So, you’ve gotten into college (congrats!), filled out your FAFSA (great!) and are now staring at a financial-aid award letter, wondering what to do next (uh-oh). As the May 1 deadline to accept financial-aid offers approaches, TIME Moneyland spoke to Mark Kantrowitz, publisher of FinAid.org and Fastweb.com, to thwart many of the common misconceptions families have when it comes to financing a college education.
1. Loans reduce the cost of college
Student loans help families manage their cash flow by spreading out the cost of college over many years, but they do not lower the expense. “A loan is a loan is a loan,” says Kantrowitz. “But a lot of financial-aid award letters treat loans as if they reduce the cost.” They don’t. Instead, loans simply reduce the amount of money families have to write a check for up front. Additionally, because of interest, they actually increase the final cost.
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2. Net price is the same as net cost
Many financial-aid award letters confuse students and parents by listing both the “net price” (the total cost of college, minus grants) and also the “net cost” (the total cost of college, minus grants and loans) without explaining the difference between the two. As a result it looks like the (lower) net cost is what a family will be responsible for, when it is actually the (higher) net price (since unlike grants, loans are not free money). “Too often families think they are getting a free ride when the award letter includes $10,000 or $20,000 or more in student-and-parent loans,” Kantrowitz said.
3. A lot of students get a free ride
In reality, Kantrowitz says, fewer than 0.3% of students receive enough scholarships and grants to cover the full cost of attendance. Even those students who come close to having all their costs covered are rare. Only 1% of students have 90% of their costs covered, while 3.4% have 75% of their costs covered. A slightly more significant 14.3% have half of their costs covered. But because many parents go into the financial-aid process thinking their child will get a free ride, they often overestimate their eligibility for merit-based aid and underestimate their eligibility for need-based aid.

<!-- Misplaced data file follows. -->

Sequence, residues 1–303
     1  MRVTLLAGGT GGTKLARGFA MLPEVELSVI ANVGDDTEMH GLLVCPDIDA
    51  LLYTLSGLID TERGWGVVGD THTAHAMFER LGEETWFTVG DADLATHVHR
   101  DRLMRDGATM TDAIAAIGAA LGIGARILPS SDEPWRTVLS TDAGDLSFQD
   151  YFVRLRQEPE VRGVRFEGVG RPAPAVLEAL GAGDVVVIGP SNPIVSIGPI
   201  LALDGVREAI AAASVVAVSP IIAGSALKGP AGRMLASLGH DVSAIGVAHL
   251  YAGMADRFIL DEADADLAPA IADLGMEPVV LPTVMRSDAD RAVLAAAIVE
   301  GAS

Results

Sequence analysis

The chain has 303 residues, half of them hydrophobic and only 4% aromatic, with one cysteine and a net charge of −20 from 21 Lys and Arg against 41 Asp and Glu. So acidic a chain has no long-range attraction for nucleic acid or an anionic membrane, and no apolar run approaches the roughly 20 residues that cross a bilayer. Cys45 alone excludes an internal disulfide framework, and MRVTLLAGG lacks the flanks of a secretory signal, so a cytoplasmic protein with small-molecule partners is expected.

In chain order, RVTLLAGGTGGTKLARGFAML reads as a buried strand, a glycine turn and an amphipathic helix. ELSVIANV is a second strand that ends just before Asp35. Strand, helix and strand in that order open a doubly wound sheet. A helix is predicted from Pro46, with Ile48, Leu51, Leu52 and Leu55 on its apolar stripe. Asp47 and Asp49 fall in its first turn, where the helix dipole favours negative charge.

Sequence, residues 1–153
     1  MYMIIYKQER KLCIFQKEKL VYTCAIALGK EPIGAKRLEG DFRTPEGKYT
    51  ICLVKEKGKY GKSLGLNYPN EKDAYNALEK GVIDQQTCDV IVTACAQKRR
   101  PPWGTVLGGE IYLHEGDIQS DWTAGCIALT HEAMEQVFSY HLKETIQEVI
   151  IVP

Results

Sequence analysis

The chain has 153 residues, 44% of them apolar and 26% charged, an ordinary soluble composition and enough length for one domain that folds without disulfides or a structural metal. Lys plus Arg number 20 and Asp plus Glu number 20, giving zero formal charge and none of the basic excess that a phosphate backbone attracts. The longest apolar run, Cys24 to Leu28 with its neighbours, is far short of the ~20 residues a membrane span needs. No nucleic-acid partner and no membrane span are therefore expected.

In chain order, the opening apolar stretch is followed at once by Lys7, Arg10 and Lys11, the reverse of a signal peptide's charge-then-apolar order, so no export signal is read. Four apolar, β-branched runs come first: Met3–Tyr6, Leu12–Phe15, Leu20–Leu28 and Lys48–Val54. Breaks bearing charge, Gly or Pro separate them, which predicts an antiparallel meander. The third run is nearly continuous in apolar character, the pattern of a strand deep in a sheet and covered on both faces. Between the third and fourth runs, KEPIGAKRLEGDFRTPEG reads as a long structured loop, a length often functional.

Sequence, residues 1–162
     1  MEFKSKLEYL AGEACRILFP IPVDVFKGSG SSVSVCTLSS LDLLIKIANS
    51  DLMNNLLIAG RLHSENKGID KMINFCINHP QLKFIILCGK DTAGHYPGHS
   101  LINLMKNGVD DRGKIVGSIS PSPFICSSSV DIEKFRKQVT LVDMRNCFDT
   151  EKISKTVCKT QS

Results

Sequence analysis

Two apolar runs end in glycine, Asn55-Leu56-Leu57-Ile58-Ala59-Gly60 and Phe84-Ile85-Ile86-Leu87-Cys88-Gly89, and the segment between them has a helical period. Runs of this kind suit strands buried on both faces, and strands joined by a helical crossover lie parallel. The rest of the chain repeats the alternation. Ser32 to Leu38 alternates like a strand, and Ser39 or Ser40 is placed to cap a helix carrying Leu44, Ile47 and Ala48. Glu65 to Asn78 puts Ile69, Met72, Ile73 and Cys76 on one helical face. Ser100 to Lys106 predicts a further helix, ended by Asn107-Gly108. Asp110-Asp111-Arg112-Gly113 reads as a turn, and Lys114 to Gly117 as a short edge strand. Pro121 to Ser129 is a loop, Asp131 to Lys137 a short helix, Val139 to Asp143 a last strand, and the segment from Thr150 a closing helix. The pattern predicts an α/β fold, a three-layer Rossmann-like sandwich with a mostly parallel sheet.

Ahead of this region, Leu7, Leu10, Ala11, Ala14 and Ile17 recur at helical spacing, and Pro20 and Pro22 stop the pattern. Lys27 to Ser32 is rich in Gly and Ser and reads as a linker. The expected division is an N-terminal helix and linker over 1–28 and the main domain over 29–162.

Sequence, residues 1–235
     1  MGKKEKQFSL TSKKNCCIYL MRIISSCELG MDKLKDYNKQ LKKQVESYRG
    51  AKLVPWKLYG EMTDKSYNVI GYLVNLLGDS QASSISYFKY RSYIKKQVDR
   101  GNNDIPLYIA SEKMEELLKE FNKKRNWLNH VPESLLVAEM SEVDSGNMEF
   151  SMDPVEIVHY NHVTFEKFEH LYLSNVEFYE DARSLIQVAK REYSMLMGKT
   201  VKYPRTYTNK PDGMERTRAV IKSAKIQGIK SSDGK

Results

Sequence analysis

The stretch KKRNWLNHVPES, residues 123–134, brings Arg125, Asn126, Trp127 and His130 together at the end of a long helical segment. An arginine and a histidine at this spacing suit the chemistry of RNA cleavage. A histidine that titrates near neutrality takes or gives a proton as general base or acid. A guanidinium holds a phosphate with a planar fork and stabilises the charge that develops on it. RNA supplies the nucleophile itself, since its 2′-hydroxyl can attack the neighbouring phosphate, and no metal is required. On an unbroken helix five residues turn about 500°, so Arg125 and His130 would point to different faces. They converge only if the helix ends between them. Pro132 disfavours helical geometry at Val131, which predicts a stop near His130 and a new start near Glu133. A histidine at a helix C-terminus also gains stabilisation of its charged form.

4. College costs about the same amount each year
Wrong. Each year the cost of college goes up. Currently, tuition is increasing at a rate twice that of inflation, so according to Kantrowitz, a student can expect to pay 20-25% more their senior year than they do in their first year.
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5. The grants awarded will be the same each year
It’s important to keep in mind the award letter you receive only applies to one year of college. Not only does the cost of college increase each year, many colleges practice “front-loading” — meaning they award more grants in freshman year and fewer in later years, forcing many students to take out more loans in upper-class years.
6. Student loans are good debt
The wisdom behind this misconception is that education loans are good debt because they are an investment in the future, as opposed to credit-card debt, which is most often for consumable goods. But, of course, it’s still debt, and as Kantrowitz notes, “too much of a good thing can hurt you.” Student loans are only a good thing to the extent that you don’t overborrow, he says. At graduation, your total debt should be less than your predicted annual starting salary, in order to ensure you can afford the standard 10-year repayment plan.
Webley is a staff writer at TIME. Find her on Twitter at @kaylawebley, on Facebook or on Google+. You can also continue the discussion on TIME’s Facebook page and on Twitter at @TIME.
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